|1006||Lupus||The brightest of these stars, reaching brightness of -9 or -10.|
|1054||Taurus||The Crab Nebula (M1) is the remnant of the most famous supernova of all, which was observed by Chinese astronomers in 1054 (but not in the West, if the lack of records is anything to go by). See here for further details. The supernova could apparently be seen during the day (for about 23 days, compared with 21 months at night).|
|1572||Cassiopeia||This supernova first appeared in November 1572 and was observed by the Danish astronomer Tycho Brahe. Brighter than the planet Venus, for about 16 months it was visible to the naked eye (even, for some of the time, at noon). The remnant can be observed optically and is also a radio emitter|
|1604||Ophiuchus||Observed by Kepler. Identified nowadays with a radio source (G.4.5+6.8).|
|1987A||Great Magellanic Cloud||visible with the naked eye, which is how one of the discoverers first saw it.|
There is another 'possible' from 1181.
S Andromedae was a supernova in M31 in 1885, which reached just the bottom level of naked-eye visibility.
Tycho's own diagram of the supernova of 1572, marked I on this diagram.
This occured in the Large Magellanic Cloud (the galaxy shown in the adjacent image) and caused great excitement because such a 'close' supernova had not been viewed for over four hundred years. It was first spotted on 23 February 1987.
It demonstrated the problems of relying on supernovae for distance determination - its peak luminosity was lower than expected.
The star that went supernova had been classified as Sanduleak 69° 202, a supergiant.
It was the first time that a star had been studied before it went supernova. Current theory seems to treat it as an exception to the rule. The theory expects the 'explosion' of a red supergiant but Sanduleak was a blue supergiant. At 6 solar massess, it was also below the theoretical eight solar mass lower limit.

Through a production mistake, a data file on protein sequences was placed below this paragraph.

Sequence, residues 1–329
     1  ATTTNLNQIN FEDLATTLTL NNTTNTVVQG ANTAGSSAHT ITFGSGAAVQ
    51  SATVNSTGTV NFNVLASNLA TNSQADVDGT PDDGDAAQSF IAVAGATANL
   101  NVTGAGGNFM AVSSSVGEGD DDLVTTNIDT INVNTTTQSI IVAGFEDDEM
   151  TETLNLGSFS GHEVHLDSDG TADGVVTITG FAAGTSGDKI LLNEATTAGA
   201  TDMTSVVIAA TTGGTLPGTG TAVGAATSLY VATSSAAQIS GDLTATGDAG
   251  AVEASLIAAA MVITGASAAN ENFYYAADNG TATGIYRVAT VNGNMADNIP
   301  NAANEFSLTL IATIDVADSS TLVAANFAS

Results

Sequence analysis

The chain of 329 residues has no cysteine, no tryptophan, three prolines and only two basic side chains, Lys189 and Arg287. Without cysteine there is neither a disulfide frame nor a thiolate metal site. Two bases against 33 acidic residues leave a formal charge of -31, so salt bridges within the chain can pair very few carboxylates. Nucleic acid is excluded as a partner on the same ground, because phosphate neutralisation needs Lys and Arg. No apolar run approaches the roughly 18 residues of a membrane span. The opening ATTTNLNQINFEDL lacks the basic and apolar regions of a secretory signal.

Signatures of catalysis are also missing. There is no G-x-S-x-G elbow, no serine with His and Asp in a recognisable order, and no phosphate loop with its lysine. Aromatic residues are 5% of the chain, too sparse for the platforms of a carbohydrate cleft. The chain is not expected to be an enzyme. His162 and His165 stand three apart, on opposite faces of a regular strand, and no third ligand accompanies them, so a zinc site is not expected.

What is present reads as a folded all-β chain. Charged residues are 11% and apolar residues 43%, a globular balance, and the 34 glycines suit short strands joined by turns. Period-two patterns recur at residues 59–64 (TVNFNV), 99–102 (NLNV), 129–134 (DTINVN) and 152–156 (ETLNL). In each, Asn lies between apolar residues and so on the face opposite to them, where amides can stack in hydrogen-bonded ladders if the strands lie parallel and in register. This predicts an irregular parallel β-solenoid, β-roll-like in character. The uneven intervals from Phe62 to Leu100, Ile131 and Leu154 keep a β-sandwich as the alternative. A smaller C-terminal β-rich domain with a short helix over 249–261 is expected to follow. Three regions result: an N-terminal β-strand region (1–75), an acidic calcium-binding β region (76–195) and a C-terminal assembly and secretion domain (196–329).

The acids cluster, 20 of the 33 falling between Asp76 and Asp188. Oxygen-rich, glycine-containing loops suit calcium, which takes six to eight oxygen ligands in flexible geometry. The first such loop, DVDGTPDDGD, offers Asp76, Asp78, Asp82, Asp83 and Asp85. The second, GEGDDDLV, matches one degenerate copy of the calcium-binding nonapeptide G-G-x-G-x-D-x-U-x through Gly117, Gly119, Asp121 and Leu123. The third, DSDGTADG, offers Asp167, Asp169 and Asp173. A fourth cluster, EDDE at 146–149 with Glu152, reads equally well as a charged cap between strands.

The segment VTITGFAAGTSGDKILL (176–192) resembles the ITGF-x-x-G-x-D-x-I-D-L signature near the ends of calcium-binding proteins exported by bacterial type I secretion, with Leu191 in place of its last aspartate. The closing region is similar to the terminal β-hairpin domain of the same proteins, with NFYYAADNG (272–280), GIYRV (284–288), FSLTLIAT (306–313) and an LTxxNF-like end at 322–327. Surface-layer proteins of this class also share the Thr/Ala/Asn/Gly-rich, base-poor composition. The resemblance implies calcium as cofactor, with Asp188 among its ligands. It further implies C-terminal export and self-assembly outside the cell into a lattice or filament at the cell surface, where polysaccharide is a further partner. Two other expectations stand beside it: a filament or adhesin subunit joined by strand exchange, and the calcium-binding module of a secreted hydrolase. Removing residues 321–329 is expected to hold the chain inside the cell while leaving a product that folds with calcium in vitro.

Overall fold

Most remnants have been detected via radio telescopes.
Vela this supernova remnant is one of the nearest. It is 11 000 years old. A pulsar can be detected at optical wavelengths. By now the remnant is 2300 light years across.
Cassiopeia A radio source which is the remnant of a supernova from 1680 which was not observed. No pulsar is detected.
SN1320 +/- 650LY is an X-ray remnant from the closest known remnant although the supernova itself does not appear to have been seen (which is a bit of a mystery).
Supernovas in Other Galaxies
Sterling work in this area has been done by amateurs. Notably Bob Evans, from Hazelbrook in Australia, has been regularly checking galaxies and finding supernovas since the 1950s. In order to do this, he has memorized several hundred galxies. Nevertheless, it is not easy work -he has been finding one supernova per several thousand galaxy searches.
99& of the energy given out during a supernova is in the form of neutrinos.
About 20 seemed to have been detected from 1987A.
Neutrino detectors should allow a supernova to be seen visually right 'from the word go' - the neutrinos will arrive significantly ahead of the supernova's visual entrance into the sky and will provide a certain prediction of the coordinates at which it will become visual. Observations of supernovas at such an early stage should provide great insight into theories of stellar evolution, for starters.
Amateurs can get involved in this aspect of astronomy. When a seemingly positive dection is made by the neutrino detectors, the Supernova Neutrino Early Warning System (SNEWS) will swing into action and send an estimate of the upcoming supernova position to AstroAlert, a facility run by 'Sky and Telescope' magazine. AstroAlert will inform all its subscribers - and you can become a subscriber by sending a message to firstname.lastname@example.org with the word 'subscribe' in the body of the message.